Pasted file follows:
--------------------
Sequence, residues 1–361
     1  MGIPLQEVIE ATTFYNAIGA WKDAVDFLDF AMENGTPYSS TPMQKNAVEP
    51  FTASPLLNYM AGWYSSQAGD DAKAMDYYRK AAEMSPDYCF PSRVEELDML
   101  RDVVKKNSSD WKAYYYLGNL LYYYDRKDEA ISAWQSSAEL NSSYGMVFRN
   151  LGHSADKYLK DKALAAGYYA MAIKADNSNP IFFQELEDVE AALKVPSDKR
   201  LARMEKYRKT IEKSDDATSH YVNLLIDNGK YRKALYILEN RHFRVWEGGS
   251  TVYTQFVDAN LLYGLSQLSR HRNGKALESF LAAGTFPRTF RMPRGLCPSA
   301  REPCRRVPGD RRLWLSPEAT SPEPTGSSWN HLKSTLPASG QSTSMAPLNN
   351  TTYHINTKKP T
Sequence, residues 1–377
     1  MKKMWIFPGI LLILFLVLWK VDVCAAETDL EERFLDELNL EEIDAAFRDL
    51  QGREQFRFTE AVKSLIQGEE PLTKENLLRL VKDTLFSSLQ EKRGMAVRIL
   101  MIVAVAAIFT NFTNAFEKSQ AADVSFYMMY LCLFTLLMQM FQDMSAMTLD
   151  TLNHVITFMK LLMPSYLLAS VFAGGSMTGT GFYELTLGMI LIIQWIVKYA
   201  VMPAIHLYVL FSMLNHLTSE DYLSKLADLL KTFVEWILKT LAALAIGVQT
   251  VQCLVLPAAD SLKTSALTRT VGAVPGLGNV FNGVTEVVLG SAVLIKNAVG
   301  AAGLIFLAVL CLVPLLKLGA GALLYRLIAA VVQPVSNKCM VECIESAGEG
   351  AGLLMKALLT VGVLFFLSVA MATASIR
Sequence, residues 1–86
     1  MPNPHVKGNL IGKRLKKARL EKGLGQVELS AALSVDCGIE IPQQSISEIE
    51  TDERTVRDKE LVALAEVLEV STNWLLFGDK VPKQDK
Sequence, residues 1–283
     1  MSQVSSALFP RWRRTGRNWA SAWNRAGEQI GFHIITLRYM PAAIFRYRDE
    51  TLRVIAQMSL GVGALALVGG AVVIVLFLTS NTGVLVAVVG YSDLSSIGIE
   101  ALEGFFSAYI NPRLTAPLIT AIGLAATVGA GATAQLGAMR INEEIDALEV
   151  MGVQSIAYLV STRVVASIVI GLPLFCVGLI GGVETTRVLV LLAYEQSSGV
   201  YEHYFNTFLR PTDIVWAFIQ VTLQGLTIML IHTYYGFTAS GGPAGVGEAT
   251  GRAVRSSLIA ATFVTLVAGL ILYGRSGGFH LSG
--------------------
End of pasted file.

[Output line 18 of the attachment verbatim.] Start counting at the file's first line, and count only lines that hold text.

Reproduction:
   351  AGLLMKALLT VGVLFFLSVA MATASIR